Although not present in all of its games, the Shin Megami Tensei series typically contains a merchant-type service in each game with which you can sacrifice two or more of the creatures following you at that moment in order to create a significantly more powerful entity to help you. These new monsters often have techniques and defenses that will help you to stay a step ahead of, or at least to keep up with, the game's challenges, which is important in an SMT game, let me tell you. Besides the fact that it opens up options for party-member creatures that probably can't be recruited just yet otherwise, Demon Fusion is also handy in that the demons you make will often have slightly boosted stats over what the same monster would have if you just recruited it in combat (or, in the SMT Persona games, get an experience boost that may raise its level), may have some kind of bonus item to give you, and will inherit some of the skills of the monsters you sacrifice for it.
This latter component, however, is the reason that I FUCKING HATE DEMON FUSION WITH ALL THE BITTER, BLACKENED LUMP OF ANIMOSITY THAT IS MY SOUL. You see, it's like this. Before each Fusion actually occurs, you get to see a preview of the monster that will be created. You can see which creature it is, the stats, and the skills, both the inherent ones and the one's it's getting from its parents of sorts. The inherited skills are mostly randomized--unless there's a skill in the parents' set that can't be used by this type of creature, or a skill that can ONLY be used by that sacrificed creature, then any and all of the predecessors' skills are up for grabs via random selection. If you don't see the skill(s) you want, you just nix the Fusion, then try it again.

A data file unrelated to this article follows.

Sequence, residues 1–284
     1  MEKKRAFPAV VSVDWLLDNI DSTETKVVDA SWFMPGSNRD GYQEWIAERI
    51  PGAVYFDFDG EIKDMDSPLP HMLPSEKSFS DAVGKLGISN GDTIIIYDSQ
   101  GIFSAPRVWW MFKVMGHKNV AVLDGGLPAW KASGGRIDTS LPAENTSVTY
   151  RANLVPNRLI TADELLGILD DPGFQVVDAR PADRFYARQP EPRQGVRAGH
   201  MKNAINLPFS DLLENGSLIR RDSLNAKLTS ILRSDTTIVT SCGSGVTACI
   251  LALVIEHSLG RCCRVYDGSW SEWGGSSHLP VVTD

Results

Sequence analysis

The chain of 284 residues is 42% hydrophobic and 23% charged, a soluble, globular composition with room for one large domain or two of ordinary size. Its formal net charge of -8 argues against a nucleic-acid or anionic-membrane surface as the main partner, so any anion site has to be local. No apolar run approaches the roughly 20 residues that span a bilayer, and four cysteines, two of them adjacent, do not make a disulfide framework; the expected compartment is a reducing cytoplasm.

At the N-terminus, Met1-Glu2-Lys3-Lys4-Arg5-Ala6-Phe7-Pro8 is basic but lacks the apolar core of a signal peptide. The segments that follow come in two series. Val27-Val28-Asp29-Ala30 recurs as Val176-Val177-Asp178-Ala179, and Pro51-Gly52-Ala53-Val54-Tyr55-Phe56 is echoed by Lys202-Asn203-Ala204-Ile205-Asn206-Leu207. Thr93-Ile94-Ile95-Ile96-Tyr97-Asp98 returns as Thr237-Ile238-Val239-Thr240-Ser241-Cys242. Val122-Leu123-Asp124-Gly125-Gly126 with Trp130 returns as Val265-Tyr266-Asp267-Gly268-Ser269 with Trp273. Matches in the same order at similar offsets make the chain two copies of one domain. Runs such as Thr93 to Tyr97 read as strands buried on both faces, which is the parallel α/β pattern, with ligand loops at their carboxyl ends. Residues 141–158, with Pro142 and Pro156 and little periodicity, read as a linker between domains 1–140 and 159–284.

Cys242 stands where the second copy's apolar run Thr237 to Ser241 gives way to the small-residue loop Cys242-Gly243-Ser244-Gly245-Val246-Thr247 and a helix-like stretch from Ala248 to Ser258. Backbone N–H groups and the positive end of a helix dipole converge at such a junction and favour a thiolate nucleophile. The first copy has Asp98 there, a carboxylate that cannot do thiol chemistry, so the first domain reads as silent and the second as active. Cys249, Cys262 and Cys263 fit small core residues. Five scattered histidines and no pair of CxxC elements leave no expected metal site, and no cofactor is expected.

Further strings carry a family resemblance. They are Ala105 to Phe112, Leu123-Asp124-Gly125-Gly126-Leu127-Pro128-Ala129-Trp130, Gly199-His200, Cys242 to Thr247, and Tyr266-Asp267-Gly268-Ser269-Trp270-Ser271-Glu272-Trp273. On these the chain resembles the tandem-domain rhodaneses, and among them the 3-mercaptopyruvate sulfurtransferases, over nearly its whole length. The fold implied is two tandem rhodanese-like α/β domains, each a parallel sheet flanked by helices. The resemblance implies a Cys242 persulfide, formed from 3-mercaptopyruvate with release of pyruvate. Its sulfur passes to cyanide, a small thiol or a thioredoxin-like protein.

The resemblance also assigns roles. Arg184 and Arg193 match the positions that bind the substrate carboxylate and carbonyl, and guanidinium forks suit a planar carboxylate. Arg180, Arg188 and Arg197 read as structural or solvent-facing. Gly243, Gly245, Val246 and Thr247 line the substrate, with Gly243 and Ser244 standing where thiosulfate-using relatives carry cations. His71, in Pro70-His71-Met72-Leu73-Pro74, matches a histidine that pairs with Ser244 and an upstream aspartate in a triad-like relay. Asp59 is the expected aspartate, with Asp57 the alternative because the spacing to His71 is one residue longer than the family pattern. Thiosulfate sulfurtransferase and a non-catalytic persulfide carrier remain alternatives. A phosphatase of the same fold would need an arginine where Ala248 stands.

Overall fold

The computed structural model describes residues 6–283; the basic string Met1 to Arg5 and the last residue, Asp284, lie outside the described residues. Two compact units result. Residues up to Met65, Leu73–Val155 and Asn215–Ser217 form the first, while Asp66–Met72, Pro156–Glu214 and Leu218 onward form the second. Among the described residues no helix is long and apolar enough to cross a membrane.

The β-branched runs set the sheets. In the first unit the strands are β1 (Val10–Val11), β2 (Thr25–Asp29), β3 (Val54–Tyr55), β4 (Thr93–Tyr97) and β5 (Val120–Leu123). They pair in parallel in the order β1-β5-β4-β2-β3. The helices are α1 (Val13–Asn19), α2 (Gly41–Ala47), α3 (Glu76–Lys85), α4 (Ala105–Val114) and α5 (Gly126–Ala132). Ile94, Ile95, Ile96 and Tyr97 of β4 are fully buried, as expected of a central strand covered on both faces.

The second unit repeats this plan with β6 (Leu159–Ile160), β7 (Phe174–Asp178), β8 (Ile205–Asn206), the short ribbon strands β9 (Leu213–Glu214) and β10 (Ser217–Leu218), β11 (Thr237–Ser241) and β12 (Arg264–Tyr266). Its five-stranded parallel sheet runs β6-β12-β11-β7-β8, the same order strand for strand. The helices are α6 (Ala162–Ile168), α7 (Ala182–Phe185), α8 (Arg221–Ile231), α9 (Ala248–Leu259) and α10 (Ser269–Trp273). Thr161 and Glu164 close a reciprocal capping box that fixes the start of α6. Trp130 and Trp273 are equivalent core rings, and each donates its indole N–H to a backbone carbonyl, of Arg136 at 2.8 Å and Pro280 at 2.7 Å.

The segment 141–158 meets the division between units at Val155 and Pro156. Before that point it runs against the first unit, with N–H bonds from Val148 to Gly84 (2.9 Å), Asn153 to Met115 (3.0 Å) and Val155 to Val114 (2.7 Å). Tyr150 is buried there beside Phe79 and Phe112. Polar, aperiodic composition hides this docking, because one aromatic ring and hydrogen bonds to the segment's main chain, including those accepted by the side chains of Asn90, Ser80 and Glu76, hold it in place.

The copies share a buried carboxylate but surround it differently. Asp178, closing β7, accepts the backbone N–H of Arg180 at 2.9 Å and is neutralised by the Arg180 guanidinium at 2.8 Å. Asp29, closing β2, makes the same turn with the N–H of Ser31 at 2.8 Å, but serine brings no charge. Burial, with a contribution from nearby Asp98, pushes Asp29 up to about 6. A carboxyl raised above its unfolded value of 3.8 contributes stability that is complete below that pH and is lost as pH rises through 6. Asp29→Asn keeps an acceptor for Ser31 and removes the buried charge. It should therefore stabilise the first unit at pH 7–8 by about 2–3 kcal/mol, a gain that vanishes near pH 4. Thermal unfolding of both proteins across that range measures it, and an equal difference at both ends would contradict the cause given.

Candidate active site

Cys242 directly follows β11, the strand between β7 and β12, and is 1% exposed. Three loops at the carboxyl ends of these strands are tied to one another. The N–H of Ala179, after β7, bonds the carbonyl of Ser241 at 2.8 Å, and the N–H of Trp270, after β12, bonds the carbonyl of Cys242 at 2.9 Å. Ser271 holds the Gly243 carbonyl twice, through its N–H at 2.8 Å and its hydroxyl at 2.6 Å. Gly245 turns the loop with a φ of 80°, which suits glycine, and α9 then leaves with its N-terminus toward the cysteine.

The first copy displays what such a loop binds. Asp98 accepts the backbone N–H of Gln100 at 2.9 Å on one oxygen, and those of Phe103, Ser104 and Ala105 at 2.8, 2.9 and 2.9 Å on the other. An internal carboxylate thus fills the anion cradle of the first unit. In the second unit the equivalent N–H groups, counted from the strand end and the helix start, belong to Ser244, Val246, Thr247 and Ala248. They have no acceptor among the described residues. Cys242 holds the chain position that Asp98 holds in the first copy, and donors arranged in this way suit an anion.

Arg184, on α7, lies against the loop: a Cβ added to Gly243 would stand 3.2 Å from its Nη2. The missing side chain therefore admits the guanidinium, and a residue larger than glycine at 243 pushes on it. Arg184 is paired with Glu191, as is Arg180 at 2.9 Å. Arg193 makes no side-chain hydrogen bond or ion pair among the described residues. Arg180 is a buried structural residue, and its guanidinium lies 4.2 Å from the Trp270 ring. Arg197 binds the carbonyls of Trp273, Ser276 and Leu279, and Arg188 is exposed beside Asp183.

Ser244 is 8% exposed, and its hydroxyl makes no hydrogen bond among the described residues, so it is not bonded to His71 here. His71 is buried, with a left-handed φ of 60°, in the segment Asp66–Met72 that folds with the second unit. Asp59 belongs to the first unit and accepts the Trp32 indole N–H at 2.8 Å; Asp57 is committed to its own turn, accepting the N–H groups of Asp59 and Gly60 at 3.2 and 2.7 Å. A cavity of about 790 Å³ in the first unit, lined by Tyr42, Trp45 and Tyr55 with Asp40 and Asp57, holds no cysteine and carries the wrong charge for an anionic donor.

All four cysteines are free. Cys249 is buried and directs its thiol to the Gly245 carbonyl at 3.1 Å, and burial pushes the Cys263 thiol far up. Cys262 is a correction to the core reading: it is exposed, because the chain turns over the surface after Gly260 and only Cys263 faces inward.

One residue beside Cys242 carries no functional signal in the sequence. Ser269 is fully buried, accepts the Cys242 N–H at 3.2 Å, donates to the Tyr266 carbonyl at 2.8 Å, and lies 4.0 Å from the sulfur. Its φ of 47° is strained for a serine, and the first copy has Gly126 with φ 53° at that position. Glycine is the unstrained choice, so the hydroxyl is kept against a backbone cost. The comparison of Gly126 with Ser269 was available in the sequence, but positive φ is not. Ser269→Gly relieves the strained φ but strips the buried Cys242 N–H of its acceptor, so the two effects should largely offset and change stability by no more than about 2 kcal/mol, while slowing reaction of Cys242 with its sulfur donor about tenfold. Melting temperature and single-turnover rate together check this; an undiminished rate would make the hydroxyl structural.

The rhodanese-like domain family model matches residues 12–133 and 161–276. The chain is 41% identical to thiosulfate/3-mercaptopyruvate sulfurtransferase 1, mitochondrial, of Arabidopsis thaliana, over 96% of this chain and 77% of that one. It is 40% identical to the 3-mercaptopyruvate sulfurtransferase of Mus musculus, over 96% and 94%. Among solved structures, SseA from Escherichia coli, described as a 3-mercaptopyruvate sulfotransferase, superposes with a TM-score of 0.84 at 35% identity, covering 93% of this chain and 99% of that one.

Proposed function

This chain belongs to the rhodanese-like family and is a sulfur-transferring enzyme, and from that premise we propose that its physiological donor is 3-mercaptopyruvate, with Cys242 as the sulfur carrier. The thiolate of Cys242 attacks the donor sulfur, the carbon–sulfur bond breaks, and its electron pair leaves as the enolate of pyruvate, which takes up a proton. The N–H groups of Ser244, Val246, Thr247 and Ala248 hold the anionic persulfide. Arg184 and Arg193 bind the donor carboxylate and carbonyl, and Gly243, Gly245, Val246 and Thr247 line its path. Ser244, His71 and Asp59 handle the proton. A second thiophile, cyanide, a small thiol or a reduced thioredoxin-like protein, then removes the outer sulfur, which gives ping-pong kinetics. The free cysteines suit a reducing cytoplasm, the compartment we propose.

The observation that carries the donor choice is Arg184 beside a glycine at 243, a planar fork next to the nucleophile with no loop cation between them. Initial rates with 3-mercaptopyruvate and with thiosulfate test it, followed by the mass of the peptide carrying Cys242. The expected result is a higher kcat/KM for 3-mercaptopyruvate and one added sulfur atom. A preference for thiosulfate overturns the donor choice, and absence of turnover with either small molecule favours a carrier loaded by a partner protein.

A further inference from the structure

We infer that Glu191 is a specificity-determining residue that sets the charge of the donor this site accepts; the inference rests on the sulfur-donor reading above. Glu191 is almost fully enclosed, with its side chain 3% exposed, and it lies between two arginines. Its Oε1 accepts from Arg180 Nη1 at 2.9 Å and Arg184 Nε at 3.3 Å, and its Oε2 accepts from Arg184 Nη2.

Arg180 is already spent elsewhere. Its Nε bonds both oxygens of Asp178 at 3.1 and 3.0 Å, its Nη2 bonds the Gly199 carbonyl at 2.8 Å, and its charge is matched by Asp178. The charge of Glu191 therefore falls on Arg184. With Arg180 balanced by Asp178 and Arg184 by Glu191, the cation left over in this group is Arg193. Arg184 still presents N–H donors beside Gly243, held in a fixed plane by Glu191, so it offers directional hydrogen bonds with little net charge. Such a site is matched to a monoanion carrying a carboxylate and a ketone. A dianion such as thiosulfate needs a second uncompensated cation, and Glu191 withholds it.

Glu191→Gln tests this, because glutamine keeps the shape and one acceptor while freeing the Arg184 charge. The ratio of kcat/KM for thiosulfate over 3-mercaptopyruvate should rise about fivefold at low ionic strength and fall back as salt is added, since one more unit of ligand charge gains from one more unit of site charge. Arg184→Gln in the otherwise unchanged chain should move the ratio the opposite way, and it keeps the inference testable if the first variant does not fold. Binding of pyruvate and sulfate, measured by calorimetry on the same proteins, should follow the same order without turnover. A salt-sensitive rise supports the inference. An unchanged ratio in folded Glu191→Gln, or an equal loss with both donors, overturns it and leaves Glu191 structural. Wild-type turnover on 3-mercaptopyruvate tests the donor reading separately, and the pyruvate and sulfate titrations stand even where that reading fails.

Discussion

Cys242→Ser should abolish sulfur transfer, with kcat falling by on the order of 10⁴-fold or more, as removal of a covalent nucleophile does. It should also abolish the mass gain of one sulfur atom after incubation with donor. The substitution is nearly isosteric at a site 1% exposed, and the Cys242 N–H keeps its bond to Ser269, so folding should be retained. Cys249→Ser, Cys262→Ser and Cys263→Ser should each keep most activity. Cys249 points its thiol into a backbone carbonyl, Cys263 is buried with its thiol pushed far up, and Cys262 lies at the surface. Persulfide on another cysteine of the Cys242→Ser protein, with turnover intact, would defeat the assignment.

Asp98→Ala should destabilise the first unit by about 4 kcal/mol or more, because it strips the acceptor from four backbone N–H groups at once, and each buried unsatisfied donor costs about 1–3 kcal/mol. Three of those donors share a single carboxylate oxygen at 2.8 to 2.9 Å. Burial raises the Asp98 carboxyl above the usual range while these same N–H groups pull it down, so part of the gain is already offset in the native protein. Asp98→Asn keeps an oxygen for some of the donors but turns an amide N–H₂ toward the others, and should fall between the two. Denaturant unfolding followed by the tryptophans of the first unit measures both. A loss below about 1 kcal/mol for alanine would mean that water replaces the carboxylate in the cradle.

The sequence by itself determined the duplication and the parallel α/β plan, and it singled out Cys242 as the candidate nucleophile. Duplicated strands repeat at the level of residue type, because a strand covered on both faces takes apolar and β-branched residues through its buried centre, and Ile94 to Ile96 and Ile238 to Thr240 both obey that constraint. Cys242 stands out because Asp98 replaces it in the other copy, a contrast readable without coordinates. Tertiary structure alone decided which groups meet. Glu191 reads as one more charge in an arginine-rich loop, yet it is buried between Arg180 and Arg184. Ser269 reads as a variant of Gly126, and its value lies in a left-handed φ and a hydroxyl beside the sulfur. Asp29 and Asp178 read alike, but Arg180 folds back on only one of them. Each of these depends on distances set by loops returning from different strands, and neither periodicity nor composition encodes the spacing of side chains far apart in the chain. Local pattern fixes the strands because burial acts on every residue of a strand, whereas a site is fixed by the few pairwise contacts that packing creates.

And again. And again and again and again...simulating this process in text will be boring, so let us instead say: (And Again) x N, where N = any positive whole number less than or equal to 500.
It's not so terrible in the beginning. In the early stages of the games, the monsters you fuse don't have all that many really noteworthy skills to pass on (in fact, they don't even have that many skills, period, so there's less for the random process to choose from), so the most you'll probably want is for the new monster to have one or two varied elemental attack spells. That's not a real problem; you might even get an acceptable spell for the new creature on your first try. It'll surely take you no more than 10 attempts. No problem.
It's later in the games where this process becomes more annoying than the stupidest minigame you've ever played. You'll be sacrificing 2 or more creatures that each have probably 5 - 8 different skills for the inheriting process to randomly choose from, and you'll almost certainly have at least 2 you'll adamantly want your new beast to inherit. I think that the best way to properly describe exactly what makes this whole thing horrible is to run through how it usually goes for me.
BEGINNING: "Oooh! Look at that awesome demonI can create! It's got great resistances, and its only weakness is Fire...but one of the monsters I'm sacrificing has Null Fire, so that'll fix that and make it an ideal front-lines tank! Let's see...I'd also like to see Sacrificial Monster 1's all-healing spell and Resist Physical skills on the new one, and Monster 2's got the same all-healing spell and the ultimate Wind spell, which would be handy. The new monster's going to inherit 3 skills. I know I HAVE to have Null Fire, and I'll be happy with any combination of the other 3 skills I like for the others."